Elements of the indoor climate

The indoor climate is a general indicator of the quality of conditions inside a building. The indoor climate is determined by many factors, including lighting, air quality, and damp conditions.

The four main components we can measure

As you can see in the image below there are four main factors that we take into consideration when trying so see if we have a good indoor climate or not:

  • Air
  • Light
  • Comfort
  • Sound

All of these combined impact how we feel when spending time indoors. By measuring each of these factors it is possible to gain a good understanding of the inside environments that we spend so much time in. 


This is the equation for the indoor environmental quality (IEQ).

To sum up, the indoor environmental quality (IEQ) equation equals: indoor air quality (IAQ); indoor thermal quality (ITQ) or else known as thermal comfort;  indoor lighting quality (ILQ), or also known as visual quality with factors as daylighting / lighting / views, and indoor sound quality (ISQ), as acoustical conditions.


Temperature is one of the main factors of how we experience the indoor climate. 

We often talk about the range of different temperatures when indoors, it can be either too hot, or too cold or maybe just right. 

Dry temperature is what we usually talk about as temperature and which is measured with a standard thermometer. We can also describe the temperature as 'hot and muggy' or a hot heat — these decsriptions have a lot to do with the humidity as much as the temperature.


Humidity is one of the most important indoor parameters that affects our air quality as well as the well-being and health of people in indoor environments. Moisture, particularly in cold climates, is most often related to problems such as moisture damage with mold and bad smells. This is caused by poor ventilation that creates too high humidity.

Low humidity also creates problems especially for people such as dry eyes, dry skin, dry mucous membranes and some seasonal infection such as influenza.

For example, in Nordic climates, the indoor humidity is often as low as 5-20%, this is considered extremely dry and has a negative effect on our well-being and health. Science says that an optimal indoor climate should have a relative humidity (RH) between 30-60%.

Volatile organic compounds (VOCs)

The number of different pollutants can be counted in the thousands, which makes it impractical to measure them individually, instead they are usually referred to as a group of substances called volatile organic compounds or VOCs for short.

To measure is to know

Air quality is an area with many different aspects and it may seem difficult to grasp, but a good start is to measure and monitor the air quality, so the ventilation can be adapted accordingly.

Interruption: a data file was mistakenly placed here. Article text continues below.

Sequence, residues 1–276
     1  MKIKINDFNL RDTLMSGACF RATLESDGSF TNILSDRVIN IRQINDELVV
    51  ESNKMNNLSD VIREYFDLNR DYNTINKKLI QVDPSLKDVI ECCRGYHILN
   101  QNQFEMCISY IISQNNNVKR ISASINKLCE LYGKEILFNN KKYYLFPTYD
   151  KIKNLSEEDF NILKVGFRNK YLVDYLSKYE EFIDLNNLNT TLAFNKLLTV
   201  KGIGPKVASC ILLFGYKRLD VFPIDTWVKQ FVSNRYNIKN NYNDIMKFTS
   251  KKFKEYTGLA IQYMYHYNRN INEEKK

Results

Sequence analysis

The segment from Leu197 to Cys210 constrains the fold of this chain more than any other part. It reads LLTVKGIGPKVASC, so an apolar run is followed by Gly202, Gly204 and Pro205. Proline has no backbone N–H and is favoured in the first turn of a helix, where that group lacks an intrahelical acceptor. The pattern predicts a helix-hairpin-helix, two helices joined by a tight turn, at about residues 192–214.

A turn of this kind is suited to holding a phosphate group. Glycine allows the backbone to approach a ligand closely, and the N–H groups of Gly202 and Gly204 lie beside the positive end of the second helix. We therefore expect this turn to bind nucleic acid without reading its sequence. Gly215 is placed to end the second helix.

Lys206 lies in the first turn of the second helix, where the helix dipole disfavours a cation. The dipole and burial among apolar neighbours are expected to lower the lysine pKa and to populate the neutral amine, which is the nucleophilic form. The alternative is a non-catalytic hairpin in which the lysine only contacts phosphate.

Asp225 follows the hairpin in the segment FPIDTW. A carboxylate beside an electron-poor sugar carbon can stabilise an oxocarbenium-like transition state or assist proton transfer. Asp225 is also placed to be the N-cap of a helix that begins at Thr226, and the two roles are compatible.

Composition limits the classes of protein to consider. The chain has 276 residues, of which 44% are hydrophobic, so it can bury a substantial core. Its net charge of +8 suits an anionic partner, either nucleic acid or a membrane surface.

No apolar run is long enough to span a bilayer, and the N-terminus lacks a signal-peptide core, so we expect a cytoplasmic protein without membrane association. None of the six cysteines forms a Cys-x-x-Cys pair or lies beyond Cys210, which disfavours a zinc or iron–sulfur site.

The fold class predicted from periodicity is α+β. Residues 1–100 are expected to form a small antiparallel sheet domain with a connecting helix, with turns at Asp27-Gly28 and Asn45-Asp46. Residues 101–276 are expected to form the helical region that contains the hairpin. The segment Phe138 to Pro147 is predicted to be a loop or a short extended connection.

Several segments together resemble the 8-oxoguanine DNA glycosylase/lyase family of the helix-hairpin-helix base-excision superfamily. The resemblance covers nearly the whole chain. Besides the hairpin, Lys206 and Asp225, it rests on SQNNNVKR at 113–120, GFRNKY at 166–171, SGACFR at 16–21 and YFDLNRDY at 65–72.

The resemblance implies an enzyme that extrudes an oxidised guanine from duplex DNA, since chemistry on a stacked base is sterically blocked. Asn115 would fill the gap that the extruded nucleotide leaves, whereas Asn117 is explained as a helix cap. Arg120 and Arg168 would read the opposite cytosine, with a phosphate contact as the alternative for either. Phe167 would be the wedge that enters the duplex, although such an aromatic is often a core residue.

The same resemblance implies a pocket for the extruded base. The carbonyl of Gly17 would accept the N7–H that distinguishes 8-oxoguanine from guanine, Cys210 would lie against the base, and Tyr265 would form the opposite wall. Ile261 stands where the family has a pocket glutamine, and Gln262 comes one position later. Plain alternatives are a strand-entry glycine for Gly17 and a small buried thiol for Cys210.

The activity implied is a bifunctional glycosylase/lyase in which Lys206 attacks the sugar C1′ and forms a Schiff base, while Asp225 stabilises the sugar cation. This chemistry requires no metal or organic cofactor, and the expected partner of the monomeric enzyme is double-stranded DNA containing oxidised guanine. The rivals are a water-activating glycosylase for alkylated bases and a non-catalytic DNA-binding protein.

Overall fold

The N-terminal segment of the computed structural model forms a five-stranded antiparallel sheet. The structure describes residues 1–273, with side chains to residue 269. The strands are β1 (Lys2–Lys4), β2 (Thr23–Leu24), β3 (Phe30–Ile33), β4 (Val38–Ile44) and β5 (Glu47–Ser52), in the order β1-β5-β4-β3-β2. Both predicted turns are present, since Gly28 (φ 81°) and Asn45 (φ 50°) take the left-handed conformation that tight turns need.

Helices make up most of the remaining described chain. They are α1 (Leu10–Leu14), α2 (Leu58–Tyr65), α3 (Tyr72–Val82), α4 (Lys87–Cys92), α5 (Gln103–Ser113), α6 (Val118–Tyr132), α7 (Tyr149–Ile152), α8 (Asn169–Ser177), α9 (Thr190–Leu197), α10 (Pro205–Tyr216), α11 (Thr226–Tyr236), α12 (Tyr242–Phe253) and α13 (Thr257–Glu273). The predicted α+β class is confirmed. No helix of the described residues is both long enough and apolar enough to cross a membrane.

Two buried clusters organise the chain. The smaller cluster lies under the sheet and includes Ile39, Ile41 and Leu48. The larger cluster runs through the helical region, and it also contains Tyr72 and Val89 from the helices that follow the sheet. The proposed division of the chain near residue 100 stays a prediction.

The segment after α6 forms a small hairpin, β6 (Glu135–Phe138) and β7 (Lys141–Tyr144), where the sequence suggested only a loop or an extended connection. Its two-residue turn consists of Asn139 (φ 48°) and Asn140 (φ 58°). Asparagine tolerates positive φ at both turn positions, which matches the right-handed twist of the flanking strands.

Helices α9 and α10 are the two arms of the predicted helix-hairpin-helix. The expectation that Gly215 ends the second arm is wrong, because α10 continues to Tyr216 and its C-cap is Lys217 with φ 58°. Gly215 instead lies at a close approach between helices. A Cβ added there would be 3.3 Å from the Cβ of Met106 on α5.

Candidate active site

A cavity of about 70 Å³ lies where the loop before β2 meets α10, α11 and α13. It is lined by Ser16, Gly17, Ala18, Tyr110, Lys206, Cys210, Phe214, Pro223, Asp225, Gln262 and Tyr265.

Apart from temperature and humidity, another common metric is the CO2 content, which has the advantage that it is easy to measure, quantify and set limit values ​​around. But if you measure CO2, you capture certain important aspects that mainly affect the level of performance, but you can miss other health aspects.

Instead, measuring and ventilating based on VOCs concentration captures a wider spectrum of potential problems.

Carbon dioxide concentrations & effects on people

The amount of carbon dioxide in a building is usually related to how much fresh air is being brought into that building. In general, the higher the CO2 level in the building, the lower the amount of fresh air exchange. Therefore, examining levels of CO2 in indoor air can reveal if the indoor environment is good.

CO2 levels Probable impact
400 ppm Average outdoor air level.
400 - 1,000 ppm Typical level ranges found in occupied spaces with good air exchange.
1,000 - 2,000 ppm Level associated with complaints of drowsiness and poor air, often resulting in low performance.
5,000 ppm This is the permissible exposure limit for daily workplace exposures.
Above 30,000 ppm Very harmful, hazard and lethal levels.




Researchers from the Lawrence Berkeley National Laboratory found that even moderately elevated levels of indoor carbon dioxide resulted in lower scores on six of nine scales of human decision-making performance.

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Watch: Visualising the Invisible — Acoustics

Lecturers: Tony Olsson & Martin Ottersten

Webinar recording from Swegon Air Academy, 2022.

In this video you will learn all about how acoustics forms a key part of indoor environmental quality and ventilation.

  • Why acoustics is a cornerstone within indoor environmetal quality (IEQ)?
  • How sound affects our health and well being as well as productivity?
  • Acoustic demands of today and how to interpret them.
  • Research and development looking forward.
Working environments, needs to be adequately designed from the building physical point of view (acoustics, indoor climate, lighting, air quality), as they have an impact on health, thermal comfort and performance.
The Fraunhofer Institute